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A project log for Theremino PMT 3.3 based radiation detector

Theremino "the modular in out" software, PMT driver and detector with USB sound card analog in.

BadgerBadgerMushroomBadgerBadgerMushroom 03/07/2015 at 16:560 Comments

See the weird "bent" component unfocused at the back of the board? Technically, that was my failure in reading the schematics and thinking those 4 x 1Mohm resistors were all identical SMD components. Turns out the first one is meant to be a "normal" barrel type. I like the end-result though, so I'm going to claim I always planned to use one of those high-quality 1kV SMD resistors there.

It has short leftover resistor leads soldered on so it serves as a barrel type resistor. However, I soldered the leads on the board first, and then the SMD in between them. This way you don't end up bending and cracking the delicate SMD component. So no soldering leads to it first.

The Theremino PMT adapter shows the L1 flyback coil having a current drop of 120mA, possiibly more, though the specification doesn't state a requirement for high current, just "L1 must have a low series resistance (A few ohms, maximum 5, absolute maximum 15)". The eBay descriptions unfortunately didn't list series resistance for these components, but I opted for the highest current rating available, expecting series resistance to lower alongside it: "3.3mH 300mA 6x8mm 10% Ferrite Core Shielded Radial Lead Inductor Black". With a standard multimeter, they measure about 10.5 ohms. The 1mH chokes that eBay specs said are 0.91Ohm @ 1Khz measure 1.6 Ohm at DC multimeter. So I am thinking these components might be better obtained somewhere else than eBay, but I'm making do with them for now.

The choice of resistors is one issue; in the Theremino PMT prototype pictures a curious mix of metal film and carbon film resistors can be seen, leading me to assume the designers didn't consider resistor choice to play much of a part, so I've followed suit with getting whatever resistors I could best get. For the unpolarized condensators there is bit of an issue with physical sizes. In particular, 2kV cap instead of the specified 1.5kV was the most affordable choice for the signal filter capacitor, and also best considering the target voltage range, but on assembly it turned out I had to bend the lead dangerously and position it leaning over against the noise shield to get it fit within intended encolosure. I worry what this might do for noise, so sticking with 1.5kV capacitor may prove for easiest assembly and casing.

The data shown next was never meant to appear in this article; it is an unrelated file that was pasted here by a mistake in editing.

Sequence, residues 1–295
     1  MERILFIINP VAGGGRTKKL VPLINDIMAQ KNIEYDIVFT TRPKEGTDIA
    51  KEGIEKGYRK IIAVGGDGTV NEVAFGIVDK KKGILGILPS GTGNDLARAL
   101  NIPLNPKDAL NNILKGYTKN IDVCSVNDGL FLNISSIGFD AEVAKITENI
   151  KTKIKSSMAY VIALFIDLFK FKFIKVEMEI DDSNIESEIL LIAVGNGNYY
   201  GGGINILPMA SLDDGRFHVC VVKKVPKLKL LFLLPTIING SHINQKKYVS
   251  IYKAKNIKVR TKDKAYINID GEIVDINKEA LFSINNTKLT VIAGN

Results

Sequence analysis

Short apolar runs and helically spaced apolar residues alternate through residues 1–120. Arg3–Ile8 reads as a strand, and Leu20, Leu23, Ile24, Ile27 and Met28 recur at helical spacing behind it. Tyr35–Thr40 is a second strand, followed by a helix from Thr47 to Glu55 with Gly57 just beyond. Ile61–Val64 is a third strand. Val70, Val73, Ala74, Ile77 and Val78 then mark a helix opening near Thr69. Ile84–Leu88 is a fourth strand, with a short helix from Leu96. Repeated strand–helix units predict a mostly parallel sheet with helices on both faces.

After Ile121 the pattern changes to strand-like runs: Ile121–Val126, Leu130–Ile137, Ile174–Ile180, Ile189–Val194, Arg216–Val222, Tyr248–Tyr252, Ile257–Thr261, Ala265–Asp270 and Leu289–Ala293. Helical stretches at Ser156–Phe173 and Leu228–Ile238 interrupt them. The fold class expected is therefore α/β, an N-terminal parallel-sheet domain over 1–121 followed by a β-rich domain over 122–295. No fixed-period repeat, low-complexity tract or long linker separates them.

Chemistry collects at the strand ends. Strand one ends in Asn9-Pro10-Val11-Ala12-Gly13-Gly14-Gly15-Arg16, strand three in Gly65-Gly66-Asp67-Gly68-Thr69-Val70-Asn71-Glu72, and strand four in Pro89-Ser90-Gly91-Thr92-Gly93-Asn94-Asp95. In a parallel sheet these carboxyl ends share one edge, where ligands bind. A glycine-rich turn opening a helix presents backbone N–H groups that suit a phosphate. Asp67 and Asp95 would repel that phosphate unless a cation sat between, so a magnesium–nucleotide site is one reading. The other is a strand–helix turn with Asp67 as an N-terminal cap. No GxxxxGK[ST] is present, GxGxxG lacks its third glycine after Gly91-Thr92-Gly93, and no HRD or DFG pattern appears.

And speaking of noise shield, I built mine from electric guitar copper tape. In the end it may not have been as clever as I expected, and I still soldered the connection posts to it all the way down of course. Mostly the copper adhesive tape seems to ensure no sheet metal cutters are needed, and if there's a danger it makes contact with the casing, it's easy to crumble into lower profile. At worst I've introduced more ground loops by the doubled over (lenghtwise) copper tape, although I'm hoping that isn't a real issue here.

All other components have been populated here, except for the T1 which is alternative to Mosfet BSP300. Since I had the BSP300 from Mouser, T1 isn't populated (and in fact wouldn't fit because BSP300 is blocking the holes on the flipside of the board). The RC circuit intended for T1 is populated, because instructions said it could be left on. Beyond that there were a few gotcha's, like the eBay sourced trimmer potentiometer had to be stretched to max to fit the PCB footprint and the pin-strips are difficult if not impossible to cut without the final pin breaking free. I also worry about how good connection the pin-strips are making; they seem to be failing the test set forth in the build instructions, despite carefully choosing what looked like quality parts.

As of right now, the board powers up successfully with no lost magic smoke, and provides voltage. There's an entirely expected problem, however: The voltage is beyond what multimeters will measure, and the current output is below what the multimeters tend to demand. More on that in another update.

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